‘Independent thinker’ Greenberg Traurig picks Milan as latest step of unusual European footprint

‘Independent thinker’ Greenberg Traurig picks Milan as latest step of unusual European footprint

Greenberg Traurig’s executive chair Richard Rosenbaum has pointed to his firm’s track record for independent thinking as it enters Italy through a merger in Milan.

In July, the northern Italian city will become the location of the Miami-bred firm’s 40th office, after Greenberg absorbs its local ally of 14 years, Santa Maria Studio Legale. Two Freshfields Bruckhaus Deringer veterans will also join the firm’s first Italian base: local real estate head Marzio Longo and finance partner Corrado Angelelli, giving it a starting team of around 50 lawyers. Continue reading “‘Independent thinker’ Greenberg Traurig picks Milan as latest step of unusual European footprint”

The Euro Elite: Italy – And yet it moves

The Euro Elite: Italy – And yet it moves

Looking out of the window of his office overlooking the picturesque Piazza del Duomo on a rainy April afternoon, one veteran Milan partner is feeling sentimental: ‘I remember the firms that used to dominate the market back when I started – Graziadei, Carnelutti, Pavia Ansaldo. No-one hears of them anymore.’ What on the surface seems nostalgic reflection poses a pressing question for Italy’s current legal elite: what will become of today’s top independents in the near future?

‘It is as if the market gets tired of dominating firms every ten years or so and replaces them with others,’ agrees a partner in another office in the northern Italian city. Continue reading “The Euro Elite: Italy – And yet it moves”

The generation game – Linklaters makes Italian corporate play with veteran rainmaker Casati

The generation game – Linklaters makes Italian corporate play with veteran rainmaker Casati

It is well known that Italian law firms owe much of their fortunes to a small group of veteran rainmakers when it comes to M&A work. In a market still dominated by elder statesmen and their decades-long connections with the country’s top corporates, 69-year-old Roberto Casati leaving Cleary Gottlieb Steen & Hamilton to join Linklaters is one of the most significant lateral moves in the country for years.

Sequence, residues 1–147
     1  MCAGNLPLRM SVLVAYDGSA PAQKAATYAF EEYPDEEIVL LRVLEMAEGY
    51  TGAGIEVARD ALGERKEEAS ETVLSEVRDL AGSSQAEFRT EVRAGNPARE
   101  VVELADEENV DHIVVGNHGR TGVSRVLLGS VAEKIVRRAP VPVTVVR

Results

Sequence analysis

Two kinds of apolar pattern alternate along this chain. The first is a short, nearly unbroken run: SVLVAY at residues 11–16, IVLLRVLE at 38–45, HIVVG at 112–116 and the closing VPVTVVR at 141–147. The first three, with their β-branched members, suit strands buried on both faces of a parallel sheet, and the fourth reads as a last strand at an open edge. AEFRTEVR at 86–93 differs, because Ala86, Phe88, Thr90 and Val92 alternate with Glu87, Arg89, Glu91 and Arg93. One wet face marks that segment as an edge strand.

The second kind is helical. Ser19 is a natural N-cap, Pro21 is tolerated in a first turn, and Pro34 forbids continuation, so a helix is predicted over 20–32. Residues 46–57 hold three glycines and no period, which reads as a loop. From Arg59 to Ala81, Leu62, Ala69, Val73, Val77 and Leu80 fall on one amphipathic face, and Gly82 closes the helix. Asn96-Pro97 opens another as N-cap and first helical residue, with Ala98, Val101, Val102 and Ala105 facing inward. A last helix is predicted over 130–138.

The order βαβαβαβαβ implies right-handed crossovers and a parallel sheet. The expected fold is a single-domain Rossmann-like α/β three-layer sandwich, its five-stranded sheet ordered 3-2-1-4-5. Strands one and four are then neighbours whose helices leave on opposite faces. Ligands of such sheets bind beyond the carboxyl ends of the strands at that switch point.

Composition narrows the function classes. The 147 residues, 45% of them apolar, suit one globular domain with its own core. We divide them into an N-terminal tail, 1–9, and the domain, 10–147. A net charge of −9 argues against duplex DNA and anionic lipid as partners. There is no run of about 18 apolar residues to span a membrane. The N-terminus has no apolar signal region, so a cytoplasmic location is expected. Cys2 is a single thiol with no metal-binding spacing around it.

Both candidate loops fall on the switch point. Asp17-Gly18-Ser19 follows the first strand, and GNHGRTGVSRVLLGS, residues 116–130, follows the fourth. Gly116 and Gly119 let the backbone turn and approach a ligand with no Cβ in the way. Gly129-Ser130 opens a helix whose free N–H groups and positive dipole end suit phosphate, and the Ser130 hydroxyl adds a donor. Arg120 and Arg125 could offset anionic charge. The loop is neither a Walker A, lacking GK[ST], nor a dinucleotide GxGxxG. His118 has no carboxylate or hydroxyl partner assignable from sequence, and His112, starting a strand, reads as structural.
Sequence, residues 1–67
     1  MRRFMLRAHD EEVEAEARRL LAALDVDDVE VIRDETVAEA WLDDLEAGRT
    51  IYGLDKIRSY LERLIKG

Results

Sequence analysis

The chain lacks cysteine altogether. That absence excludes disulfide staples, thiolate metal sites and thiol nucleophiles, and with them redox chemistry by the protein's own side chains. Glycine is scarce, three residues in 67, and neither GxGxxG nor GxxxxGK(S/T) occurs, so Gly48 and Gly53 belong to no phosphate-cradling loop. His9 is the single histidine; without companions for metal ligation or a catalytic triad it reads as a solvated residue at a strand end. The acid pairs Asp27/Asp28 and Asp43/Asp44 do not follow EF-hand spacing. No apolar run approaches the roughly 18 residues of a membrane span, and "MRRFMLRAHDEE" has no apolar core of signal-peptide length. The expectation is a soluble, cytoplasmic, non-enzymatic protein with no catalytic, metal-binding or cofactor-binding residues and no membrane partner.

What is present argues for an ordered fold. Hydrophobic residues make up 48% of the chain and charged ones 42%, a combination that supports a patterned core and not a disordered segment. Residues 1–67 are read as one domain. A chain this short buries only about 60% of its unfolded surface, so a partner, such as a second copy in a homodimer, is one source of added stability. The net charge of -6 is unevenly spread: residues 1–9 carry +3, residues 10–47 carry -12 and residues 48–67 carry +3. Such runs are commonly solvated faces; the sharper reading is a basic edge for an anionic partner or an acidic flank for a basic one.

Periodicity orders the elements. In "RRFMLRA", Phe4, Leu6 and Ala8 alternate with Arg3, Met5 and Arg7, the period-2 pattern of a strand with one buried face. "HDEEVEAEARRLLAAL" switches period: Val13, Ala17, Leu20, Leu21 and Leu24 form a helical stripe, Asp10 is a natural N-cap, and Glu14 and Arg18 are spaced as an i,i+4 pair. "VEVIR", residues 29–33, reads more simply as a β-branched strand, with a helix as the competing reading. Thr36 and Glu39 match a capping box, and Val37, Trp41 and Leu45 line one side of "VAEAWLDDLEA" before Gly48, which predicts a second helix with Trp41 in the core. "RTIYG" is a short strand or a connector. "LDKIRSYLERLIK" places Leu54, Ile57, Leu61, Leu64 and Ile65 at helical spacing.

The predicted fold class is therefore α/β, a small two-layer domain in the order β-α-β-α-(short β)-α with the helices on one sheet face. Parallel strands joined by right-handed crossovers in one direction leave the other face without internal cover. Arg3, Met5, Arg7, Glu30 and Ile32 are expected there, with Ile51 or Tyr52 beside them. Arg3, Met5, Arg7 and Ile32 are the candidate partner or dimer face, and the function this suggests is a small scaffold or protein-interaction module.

In a bid by the international giant to expand beyond its finance and capital markets focus into mainstream corporate, Linklaters drafted a waiver to its partnership terms to allow Casati to join the firm at the top of its equity ladder, a deal worth around £2m annually. Continue reading “The generation game – Linklaters makes Italian corporate play with veteran rainmaker Casati”

Market report: Italy – Bravissimo

Market report: Italy – Bravissimo

Despite a testing political backdrop to business, the Italian elite is still outperforming the domestic economy

‘Reforms are the major challenge for Italy. For many years, we didn’t have the political strength – Renzi had it,’ says Carlo Croff, senior partner at Chiomenti. Matteo Renzi was Italy’s prime minister until December 2016 when his constitutional reforms were rejected in a referendum. ‘Clients, particularly those with investments in Italy, have been disappointed,’ Croff observes.

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Ashurst retreats in Europe, closing Stockholm and Rome

Ashurst retreats in Europe, closing Stockholm and Rome

Ashurst closed the doors to two of its European offices in June, confirming it will dissolve its Swedish offering with the entire team of 30 staff in its Stockholm office moving to Hamilton.

The firm will also close its base in Rome with its remaining lawyers relocating to Milan following a review of its Italian offering after a string of exits. The fate of the office was sealed following the resignation of the Rome office’s sole partner Aian Abbas.

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Euro elite: focus Italy – La dolce vita?

Euro elite: focus Italy – La dolce vita?

A new generation is revitalising the performance of a trio of Italian leaders committed to remaining steadfastly independent

It’s been a hard decade for Italy, not least for its law firms: the product of a flat economy and relatively few deals. Even before the crisis, the economy had the lowest sustained growth of any OECD country. But there has been a recent renaissance, of sorts, with GDP optimistically predicted to rise by 1.6% in 2016, while concluded deals totalled €50bn in each of the last two years, according to KPMG.

Continue reading “Euro elite: focus Italy – La dolce vita?”